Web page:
Two weeks ago, as is the case when my coworker, Taiwai, and I both happen to be “bag lunchless,” a half hour before noon, we were busy plotting lunch. Usually we get Chinese, he being Chinese and I having been Chinese in a past life (in another I was Indian, another Jewish, and another Italian). Hing Won was considered — it usually is — but then I remembered I hadn’t tried Lan Sheng yet; the newish Szechuan place across the street from Szechuan Gourmet. He mentioned his wife tried it the week before, and said it wasn’t as good as Szechuan Gourmet, so I quickly moved on to researching new Indian lunch options, when Taiwai imed me, “a place that has rabbit at least deserves some respect.” Yes, true, especially in Midtown. Lan Sheng deserved a shot, so off we went.
Although rabbit was the draw, since it wasn’t on the lunch special menu (It would be truly awesome if it was), we ordered Enhanced Pork and Shrimp with Sze Chuan Sauce [both $6.95 with a choice of soup (hot & sour, wonton, or egg drop) or egg roll, and fried, brown, or white rice].
The Enhanced Pork, similar to Double-Sauteed Pork, is sautéed with leeks and black beans, but it’s sautéed less (hence not double-sautéed), and is more salty. According to Taiwai, the Chinese name for the dish means enhanced with salt. Although I don’t think more salt is an enhancement, I liked the Enhanced Pork because the pork belly was crisp at the edges, but still soft throughout. Double-Sauteed Pork can be very dry sometimes. As for the salt factor, eaten with a little more rice, it’s not even an issue.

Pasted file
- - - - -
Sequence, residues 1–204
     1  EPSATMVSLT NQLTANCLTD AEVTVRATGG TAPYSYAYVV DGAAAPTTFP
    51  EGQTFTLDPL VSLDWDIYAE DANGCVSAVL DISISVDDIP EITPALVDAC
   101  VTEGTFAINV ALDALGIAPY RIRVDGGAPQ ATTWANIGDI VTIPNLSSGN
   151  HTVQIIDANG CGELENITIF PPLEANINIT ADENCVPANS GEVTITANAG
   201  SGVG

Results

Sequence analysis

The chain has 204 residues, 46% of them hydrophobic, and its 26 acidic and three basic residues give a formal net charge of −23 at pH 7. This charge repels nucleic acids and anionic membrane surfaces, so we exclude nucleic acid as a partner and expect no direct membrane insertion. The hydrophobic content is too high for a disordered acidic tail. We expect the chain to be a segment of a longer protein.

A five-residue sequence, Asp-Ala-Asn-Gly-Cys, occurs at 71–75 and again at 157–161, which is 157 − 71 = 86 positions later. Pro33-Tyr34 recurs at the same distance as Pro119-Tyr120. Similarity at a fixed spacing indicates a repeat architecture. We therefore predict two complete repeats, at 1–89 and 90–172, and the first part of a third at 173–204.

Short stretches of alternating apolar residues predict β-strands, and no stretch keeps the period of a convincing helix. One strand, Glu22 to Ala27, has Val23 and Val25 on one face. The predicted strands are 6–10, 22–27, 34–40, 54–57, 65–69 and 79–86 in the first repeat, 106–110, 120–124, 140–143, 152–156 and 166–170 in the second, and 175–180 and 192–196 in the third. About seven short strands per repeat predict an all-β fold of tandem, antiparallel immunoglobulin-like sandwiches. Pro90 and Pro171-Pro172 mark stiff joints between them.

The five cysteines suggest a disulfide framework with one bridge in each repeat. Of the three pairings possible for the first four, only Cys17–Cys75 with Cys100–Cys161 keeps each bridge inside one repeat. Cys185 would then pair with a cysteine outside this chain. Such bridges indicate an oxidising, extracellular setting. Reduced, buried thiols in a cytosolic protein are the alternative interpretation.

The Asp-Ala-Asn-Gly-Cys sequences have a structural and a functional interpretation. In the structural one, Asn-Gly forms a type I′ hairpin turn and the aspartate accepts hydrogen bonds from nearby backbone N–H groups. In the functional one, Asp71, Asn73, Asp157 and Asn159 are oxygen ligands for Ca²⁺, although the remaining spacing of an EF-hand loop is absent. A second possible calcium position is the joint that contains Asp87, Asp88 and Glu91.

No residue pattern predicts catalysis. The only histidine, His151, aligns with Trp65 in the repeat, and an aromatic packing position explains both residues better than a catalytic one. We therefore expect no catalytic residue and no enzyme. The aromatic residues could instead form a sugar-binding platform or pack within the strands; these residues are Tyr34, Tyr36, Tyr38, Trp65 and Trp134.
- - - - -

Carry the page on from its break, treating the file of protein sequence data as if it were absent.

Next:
I’d wanted to order the Shrimp with Sze Chuan Sauce because I assumed it would have the most Szechuan peppers in it, but the heat was from hot green peppers and red pepper flakes, and the mouth-numbing spice was largely absent. If you want the real deal, ordering off the regular menu or asking for more spice is probably the way to go. Even at Szechuan Gourmet, I find the lunch specials never having enough Szechuan peppers, although they still do a better job than at Lan Sheng. In any case, Szechuan spiciness aside, I liked my shrimp dish. I normally don’t order shrimp off Chinese lunch special menus because the shrimp used tend to be more of the fish-bait variety, but these, while admitting still small, were a decent size and were cooked well so they were still plump and juicy. Slicked with red chili oil and tossed with crunchy water chestnuts, it was a deliciously greasy lunch.
Although not as spicy as Szechuan Gourmet, the kitchen at Lan Sheng seems competent, and with a few tweaks, this newbie could become serious competition. I’ll be going back. Although as much as I like spending time away from the office, a thirty minute wait for a table at Szechuan Gourmet is too long when I’m hungry, especially at lunch time.